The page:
Canterbury RFC play at The Marine Travel Ground, named after a sponsorship deal starting in 2008, is situated on Merton Lane on the southern outskirts of Canterbury. It is about 2.5 miles from Canterbury East railway station and 3.3 miles from Canterbury West railway station but is most easily reached by car as it is located next to the A2, and there is on-site parking. The Marine Travel Ground consists of a main pitch next to a small stand and the club-house, with four additional pitches for reserve and junior fixtures. The main pitch ground capacity includes 75 seats in the stand, along with around 1,000 standing pitchside, bringing total capacity to approximately 1,075.[3]


Current standings[edit]

2019–20 National League 1 Table watch · edit · discuss
Played Won Drawn Lost Points for Points against Points diff Try bonus Losing bonus Points
1 Cinderford 2 2 0 0 82 51 31 2 0 10
2 Rosslyn Park 2 2 0 0 68 43 25 1 0 9
3 Richmond 2 2 0 0 66 51 15 1 0 9
4 Rams 2 2 0 0 61 53 8 1 0 9
5 Darlington Mowden Park 2 1 0 1 89 45 44 2 1 7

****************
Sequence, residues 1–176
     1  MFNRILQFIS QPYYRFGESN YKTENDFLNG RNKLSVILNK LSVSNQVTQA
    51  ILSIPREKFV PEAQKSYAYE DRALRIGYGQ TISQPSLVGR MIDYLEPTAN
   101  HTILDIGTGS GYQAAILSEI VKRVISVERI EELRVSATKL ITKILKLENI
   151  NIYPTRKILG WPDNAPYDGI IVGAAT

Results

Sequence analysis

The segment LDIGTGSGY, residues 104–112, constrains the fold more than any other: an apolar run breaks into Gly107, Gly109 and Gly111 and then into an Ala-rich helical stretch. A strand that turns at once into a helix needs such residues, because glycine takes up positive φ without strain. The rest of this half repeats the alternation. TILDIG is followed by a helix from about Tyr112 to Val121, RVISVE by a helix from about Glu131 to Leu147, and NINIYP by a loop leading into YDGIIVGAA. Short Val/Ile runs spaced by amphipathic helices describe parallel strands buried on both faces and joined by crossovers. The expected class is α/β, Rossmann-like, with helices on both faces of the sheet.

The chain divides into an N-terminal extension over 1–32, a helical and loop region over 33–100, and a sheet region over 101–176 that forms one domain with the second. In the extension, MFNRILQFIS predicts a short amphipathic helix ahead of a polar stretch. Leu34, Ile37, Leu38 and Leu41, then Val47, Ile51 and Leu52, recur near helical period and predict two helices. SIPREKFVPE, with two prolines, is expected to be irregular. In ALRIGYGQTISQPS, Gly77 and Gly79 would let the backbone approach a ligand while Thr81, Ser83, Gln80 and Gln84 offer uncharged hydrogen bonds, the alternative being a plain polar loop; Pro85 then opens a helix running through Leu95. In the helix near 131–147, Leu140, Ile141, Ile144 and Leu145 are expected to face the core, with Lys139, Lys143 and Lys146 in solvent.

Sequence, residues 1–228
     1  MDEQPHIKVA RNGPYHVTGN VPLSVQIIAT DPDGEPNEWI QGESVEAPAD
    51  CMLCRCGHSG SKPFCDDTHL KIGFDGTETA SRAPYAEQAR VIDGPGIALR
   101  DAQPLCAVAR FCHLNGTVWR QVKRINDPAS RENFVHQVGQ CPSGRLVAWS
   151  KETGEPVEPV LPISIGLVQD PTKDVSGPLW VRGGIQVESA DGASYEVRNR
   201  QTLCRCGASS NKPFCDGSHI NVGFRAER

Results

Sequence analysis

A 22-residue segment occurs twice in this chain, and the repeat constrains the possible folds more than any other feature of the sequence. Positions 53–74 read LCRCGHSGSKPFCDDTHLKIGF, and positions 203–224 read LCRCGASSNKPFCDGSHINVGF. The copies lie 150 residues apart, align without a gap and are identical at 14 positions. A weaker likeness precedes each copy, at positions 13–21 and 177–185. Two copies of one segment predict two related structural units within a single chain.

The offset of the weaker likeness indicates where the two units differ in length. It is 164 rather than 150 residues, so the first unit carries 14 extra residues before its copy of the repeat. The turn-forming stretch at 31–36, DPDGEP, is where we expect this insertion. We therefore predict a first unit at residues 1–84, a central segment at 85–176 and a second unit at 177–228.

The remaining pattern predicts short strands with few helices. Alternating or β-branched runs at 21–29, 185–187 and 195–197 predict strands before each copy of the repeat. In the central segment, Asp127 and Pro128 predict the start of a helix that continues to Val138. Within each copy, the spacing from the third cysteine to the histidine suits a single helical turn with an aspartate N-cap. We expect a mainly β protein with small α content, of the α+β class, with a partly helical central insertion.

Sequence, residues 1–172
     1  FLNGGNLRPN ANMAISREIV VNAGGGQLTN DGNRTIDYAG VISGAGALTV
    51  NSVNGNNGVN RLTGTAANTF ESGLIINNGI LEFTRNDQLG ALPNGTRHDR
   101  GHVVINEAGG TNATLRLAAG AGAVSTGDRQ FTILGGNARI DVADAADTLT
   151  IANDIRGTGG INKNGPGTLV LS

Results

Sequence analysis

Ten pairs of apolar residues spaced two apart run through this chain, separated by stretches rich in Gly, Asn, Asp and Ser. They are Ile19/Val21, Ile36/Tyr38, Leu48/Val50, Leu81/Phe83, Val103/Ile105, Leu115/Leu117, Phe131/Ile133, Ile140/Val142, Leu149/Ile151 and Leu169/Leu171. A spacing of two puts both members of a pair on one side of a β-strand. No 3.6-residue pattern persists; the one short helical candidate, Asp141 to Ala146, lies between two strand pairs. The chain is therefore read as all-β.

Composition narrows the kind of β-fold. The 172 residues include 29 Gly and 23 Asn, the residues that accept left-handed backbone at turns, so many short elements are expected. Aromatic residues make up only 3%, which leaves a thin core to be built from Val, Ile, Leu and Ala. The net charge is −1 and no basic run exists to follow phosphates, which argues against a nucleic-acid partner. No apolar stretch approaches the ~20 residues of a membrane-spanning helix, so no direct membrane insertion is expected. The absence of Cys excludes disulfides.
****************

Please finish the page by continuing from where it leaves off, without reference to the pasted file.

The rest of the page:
6 Cambridge 2 1 0 1 68 63 5 2 1 7
7 Birmingham Moseley 2 1 0 1 91 41 50 1 1 6
8 Old Elthamians 2 1 0 1 61 44 17 1 1 6
9 Blackheath 2 1 0 1 49 50 -1 1 1 6
10 Bishop's Stortford 2 1 0 1 69 76 -7 2 0 6
11 Rotherham Titans 2 1 0 1 50 58 -8 1 0 5
12 Chinnor 2 1 0 1 31 41 -10 0 0 4
13 Plymouth Albion 2 0 0 2 69 78 -9 2 2 4
14 Canterbury 2 0 0 2 47 71 -24 1 1 2
15 Sale FC 2 0 0 2 42 77 -35 1 0 1
16 Hull Ionians 2 0 0 2 21 122 -101 0 0 0
  • If teams are level at any stage, tiebreakers are applied in the following order:
  1. Number of matches won
  2. Difference between points for and against
  3. Total number of points for
  4. Aggregate number of points scored in matches between tied teams
  5. Number of matches won excluding the first match, then the second and so on until the tie is settled
Green background is the promotion place. Pink background are relegation places.
Updated: 14 September 2019
Source: "National League 1". NCA Rugby.


External links[edit]